oa Alternation - The Politics of Pedagogy in the Humanities: How can We not Speak of Language Teaching?

Volume 11, Issue 1
  • ISSN : 1023-1757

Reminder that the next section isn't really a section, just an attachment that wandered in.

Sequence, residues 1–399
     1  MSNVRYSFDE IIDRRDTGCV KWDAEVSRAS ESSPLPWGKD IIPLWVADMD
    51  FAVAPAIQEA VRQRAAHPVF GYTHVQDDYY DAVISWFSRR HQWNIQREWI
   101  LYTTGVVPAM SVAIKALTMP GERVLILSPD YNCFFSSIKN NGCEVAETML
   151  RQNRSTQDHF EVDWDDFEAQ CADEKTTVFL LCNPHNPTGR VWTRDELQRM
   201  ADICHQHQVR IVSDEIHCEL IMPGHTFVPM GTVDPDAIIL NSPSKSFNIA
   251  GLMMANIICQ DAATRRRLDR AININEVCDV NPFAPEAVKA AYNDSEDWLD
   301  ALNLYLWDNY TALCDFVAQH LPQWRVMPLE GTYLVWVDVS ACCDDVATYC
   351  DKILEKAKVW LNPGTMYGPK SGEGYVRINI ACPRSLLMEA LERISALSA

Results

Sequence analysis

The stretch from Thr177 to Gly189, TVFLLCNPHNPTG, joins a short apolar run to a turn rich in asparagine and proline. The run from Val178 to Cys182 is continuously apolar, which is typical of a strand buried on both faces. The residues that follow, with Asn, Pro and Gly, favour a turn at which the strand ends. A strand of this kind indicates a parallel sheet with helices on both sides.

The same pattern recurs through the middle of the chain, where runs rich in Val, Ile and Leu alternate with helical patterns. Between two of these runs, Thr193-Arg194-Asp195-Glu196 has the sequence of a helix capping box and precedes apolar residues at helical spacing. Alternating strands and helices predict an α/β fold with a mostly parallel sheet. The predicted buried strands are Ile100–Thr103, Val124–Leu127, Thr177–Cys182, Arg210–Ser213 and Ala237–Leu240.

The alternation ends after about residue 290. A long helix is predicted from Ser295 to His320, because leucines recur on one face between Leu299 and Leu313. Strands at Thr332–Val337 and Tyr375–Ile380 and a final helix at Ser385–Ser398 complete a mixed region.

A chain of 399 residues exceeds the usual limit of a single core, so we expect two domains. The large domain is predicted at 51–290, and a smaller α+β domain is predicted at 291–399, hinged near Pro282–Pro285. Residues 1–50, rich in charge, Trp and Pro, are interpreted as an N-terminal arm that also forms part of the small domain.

University education has traditionally been associated with the advancement and transmission of learning in its highest forms, and the dispensing of qualifications governing access to the learned professions. During the fifteenth and sixteenth centuries university institutions in the West and Europe were intimately connected with religion and the constraints imposed by it (see Mazrui 1978). The Copernican revolution in the second half of the sixteenth century, however, caused tensions between complete scientific objectivity and considerations of inherited religion to enter a new era. In many senses, therefore, the idea of a university became, in Zymunt Ziembinski's formulation: a community of scholars, who look for truth, inform each other of the acquired knowledge, and teach the methods through which such knowledge can be acquired (cited in Horn 1997:84).

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